Yesterday (12 July 2017) Sir Andy Murray, the often criticised and proud Scot had to remind a journalist about ‘casual sexism’. It was a reference to that journalist’s comments that an American had reached a tennis semi-final for the first time since 2009. Andy corrected the journalist by reminding him he was only talking about male tennis players. Female tennis players, including the awesome Serena Williams have of course been a regular feature in tennis finals for many years. It’s a small but important victory for women, but a big statement that people need to think before they speak.
I’ve talked for many years about the rise of casual homophobia in the workplace, something I often refer to in my speaking engagements. It’s demeaning, unnecessary and needs to be challenged. But I don’t think it’s easily understood how it affects LGBT employees – it’s actually a barrier to people being authentic, in an environment that seemingly only recognises binary lifestyles.
I worked for in a team of mainly women for a while, and an out-gay man. Within that team my female manager hired one of her friends to run a project, let’s call her ‘Jess’.
Jess was a loud, brash northerner with an omni-directional voice that could be heard across the whole office. She was young, bright and good at her job but she had an opinion on everything. I also knew everything about her; I knew about her mouse-in-the-house problem, how she liked to separate her washing ‘dark, whites, lights and brights’ and every tiny facet of her life. Not because I wanted to, but because she felt the need to broadcast it to the team and any passer-by.
The first time I knew her opinion on gay men was when she came into work flustered by something. She recounted a story of how her boyfriend ‘Matt’ that morning had been ‘properly looked up and down by a gay man in the street’. A story she repeated throughout the day. She seemed to think that it wasn’t for men to admire her boyfriend (who was actually by the way very good looking), but the preserve of women. It was all done in a light-hearted way but the constant repetition was irritating. I tuned her out.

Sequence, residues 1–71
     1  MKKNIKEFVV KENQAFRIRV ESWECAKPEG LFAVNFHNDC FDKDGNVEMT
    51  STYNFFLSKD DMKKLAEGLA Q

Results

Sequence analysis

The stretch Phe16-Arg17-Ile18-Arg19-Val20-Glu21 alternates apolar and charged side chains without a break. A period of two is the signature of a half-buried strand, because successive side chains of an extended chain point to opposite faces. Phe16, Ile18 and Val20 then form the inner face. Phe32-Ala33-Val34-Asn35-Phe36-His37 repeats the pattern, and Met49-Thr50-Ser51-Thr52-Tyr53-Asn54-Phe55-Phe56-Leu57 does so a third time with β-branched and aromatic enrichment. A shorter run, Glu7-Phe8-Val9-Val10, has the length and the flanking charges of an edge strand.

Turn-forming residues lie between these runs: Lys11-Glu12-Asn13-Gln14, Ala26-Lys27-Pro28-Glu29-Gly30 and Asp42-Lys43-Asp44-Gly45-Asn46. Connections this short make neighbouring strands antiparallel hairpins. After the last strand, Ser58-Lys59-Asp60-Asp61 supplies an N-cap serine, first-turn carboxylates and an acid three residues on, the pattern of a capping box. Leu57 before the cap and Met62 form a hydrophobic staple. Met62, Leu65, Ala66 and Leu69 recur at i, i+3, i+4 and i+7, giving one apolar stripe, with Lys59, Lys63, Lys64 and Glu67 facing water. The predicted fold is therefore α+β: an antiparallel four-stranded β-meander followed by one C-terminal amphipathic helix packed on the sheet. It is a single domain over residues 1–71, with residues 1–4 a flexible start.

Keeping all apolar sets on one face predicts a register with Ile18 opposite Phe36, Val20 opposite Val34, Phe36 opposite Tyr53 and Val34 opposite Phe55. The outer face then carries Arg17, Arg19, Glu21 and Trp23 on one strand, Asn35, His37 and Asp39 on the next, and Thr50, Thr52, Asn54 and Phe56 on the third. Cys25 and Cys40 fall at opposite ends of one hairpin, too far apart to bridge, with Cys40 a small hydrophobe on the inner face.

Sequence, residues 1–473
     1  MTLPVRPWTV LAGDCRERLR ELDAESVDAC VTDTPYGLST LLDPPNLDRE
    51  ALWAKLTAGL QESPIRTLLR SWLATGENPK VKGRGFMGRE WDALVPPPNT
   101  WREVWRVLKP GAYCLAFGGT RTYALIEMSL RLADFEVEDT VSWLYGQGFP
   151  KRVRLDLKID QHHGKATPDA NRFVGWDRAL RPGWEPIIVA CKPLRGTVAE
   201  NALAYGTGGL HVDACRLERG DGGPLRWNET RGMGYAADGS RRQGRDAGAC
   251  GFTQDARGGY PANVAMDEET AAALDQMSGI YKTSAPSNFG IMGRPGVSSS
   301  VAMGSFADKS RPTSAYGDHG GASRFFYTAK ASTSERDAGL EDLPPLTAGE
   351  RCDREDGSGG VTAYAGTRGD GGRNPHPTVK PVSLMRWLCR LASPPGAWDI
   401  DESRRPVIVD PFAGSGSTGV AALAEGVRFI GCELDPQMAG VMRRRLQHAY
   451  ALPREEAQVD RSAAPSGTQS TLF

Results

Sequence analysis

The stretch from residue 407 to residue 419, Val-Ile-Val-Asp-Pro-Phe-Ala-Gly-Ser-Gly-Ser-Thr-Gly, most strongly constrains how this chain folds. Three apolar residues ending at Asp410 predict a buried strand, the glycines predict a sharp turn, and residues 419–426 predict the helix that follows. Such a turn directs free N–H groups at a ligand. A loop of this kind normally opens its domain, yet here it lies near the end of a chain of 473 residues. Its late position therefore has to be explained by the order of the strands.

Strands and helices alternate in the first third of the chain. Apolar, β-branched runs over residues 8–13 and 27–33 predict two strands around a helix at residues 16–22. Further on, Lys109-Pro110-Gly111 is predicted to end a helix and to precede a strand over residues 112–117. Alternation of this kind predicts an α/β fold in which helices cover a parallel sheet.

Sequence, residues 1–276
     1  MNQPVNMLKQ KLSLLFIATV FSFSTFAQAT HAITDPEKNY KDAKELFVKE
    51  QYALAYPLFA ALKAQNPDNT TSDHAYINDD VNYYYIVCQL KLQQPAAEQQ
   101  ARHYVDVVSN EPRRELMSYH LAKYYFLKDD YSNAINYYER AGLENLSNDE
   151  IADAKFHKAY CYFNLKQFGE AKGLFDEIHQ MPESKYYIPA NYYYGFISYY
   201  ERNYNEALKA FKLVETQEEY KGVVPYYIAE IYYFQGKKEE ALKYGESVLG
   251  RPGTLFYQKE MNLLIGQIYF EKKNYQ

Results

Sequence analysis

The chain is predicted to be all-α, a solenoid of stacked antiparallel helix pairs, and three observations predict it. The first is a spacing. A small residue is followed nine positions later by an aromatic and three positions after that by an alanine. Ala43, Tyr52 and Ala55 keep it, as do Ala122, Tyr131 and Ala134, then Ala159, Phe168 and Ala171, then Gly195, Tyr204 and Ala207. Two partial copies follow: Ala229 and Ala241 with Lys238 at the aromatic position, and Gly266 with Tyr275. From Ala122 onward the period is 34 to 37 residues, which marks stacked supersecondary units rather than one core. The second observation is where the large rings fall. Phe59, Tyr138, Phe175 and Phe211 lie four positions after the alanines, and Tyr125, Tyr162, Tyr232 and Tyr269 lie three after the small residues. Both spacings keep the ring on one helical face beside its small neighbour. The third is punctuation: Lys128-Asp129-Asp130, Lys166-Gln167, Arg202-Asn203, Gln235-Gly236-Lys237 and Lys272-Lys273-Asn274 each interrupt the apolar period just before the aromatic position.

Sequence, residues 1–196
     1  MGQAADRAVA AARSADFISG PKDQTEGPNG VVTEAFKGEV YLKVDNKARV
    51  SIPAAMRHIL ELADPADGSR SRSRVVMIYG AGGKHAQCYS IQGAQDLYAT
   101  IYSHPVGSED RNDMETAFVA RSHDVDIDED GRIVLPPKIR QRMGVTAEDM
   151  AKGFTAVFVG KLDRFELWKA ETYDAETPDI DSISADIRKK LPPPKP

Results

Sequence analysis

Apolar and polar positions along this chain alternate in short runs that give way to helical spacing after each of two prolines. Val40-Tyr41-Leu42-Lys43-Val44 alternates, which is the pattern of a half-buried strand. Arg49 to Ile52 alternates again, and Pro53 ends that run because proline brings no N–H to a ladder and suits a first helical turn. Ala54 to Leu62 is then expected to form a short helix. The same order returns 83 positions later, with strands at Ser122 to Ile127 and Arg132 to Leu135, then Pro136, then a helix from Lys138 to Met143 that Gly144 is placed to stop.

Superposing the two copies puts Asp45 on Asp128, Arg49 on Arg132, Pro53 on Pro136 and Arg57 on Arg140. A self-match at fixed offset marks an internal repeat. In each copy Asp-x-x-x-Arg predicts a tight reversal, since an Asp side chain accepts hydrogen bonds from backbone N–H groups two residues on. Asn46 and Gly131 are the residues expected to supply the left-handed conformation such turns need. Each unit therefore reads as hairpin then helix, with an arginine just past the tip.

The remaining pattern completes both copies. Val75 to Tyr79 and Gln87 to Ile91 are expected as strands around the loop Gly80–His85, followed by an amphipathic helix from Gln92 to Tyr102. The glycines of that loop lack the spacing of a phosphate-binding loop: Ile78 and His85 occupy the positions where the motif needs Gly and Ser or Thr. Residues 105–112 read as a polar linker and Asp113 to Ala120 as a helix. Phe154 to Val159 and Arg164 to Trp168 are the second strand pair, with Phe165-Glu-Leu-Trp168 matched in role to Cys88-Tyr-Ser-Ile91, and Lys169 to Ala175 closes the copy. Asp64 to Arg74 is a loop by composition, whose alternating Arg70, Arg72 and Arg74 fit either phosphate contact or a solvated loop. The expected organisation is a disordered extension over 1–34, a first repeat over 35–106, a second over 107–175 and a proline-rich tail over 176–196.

A while later and it was Pride in London. I’d put up posters on my office floor. They were brilliant. I had commissioned them especially to advertise our entry into the parade and they were printed in huge A0 format and very eye-catching. I put them all around the office, above my desk and on a meeting room opposite out department.
I had to remove a smaller poster on the meeting room outer wall and relocated it closer to our department. This poster had been up for a while and advertised a project that Jess was running. She wasn’t in the slightest bit amused I had done this but I told her that this is the way I had done it for years – before she had joined. I also told her I would switch the poster back once the event was over.
After Pride I came into the office, my poster on the meeting room was missing. All the others were in place but there was no sign of it anywhere not even on my desk or in a bin. Just missing. I emailed the office floor to see if anyone had removed it, saying I wanted it back for archive purposes but no one came forward. I knew she’d removed it, but obviously couldn’t prove it. So I let it lie.
The final event that broke my reserve happened during the early hustings for London’s conservative Mayoral selection. Ivan Massow was in the running, and a thoroughly lovely chap. He came into see my boss, as part of his stakeholder engagement with his team. Jess had spotted him and once again began her office broadcast ‘Oooh he’s loovley’ she would say in her broad Mancunian accent. She then Googled him and aghast she announced ‘Ooh he’s gay! What a shame’ and then spent the next couple of hours remarking on ‘What a waste, what shame’ etc.
This really got to me. I then reminded her that there was no shame in being gay, she was taken aback. Perhaps it was the fact I had challenged her one-sided views or perhaps she thought that I was calling her out unnecessarily. In any case this was the last time she spoke to me other than via email. Very awkward given our proximity.
I took this last event to my female manager – her friend – and just said could she remind Jess to think before she speaks, and that it’s another example of how being gay is considered unequal in some way to being heterosexual. My boss then replied ‘Well you know she doesn’t mean it like that – it’s just Jess being Jess’.
Well actually I don’t know if she means it like ‘that’ but even if she doesn’t she should keep her opinions to herself and think before she speaks. It was also a reflection on the fact that my manager also didn’t really get it, and thought of it as a benign thing to say.
After coming home, I got really tearful – even now writing this upsets me. It’s crazy but these events hurt, and I don’t like being devalued by anybody – as any gay person wouldn’t.
So what needs to happen? People need to take causal homophobia seriously. Mandatory diversity training should include material on the effects of casual sexism, racism and homophobia. It’s simply not enough to have policies in place for overt examples of these because overt hate often starts as something casual.
Managers should take these matters seriously too, and whilst not necessarily disciplinary offences, it’s a matter of respect and acceptance of diversity.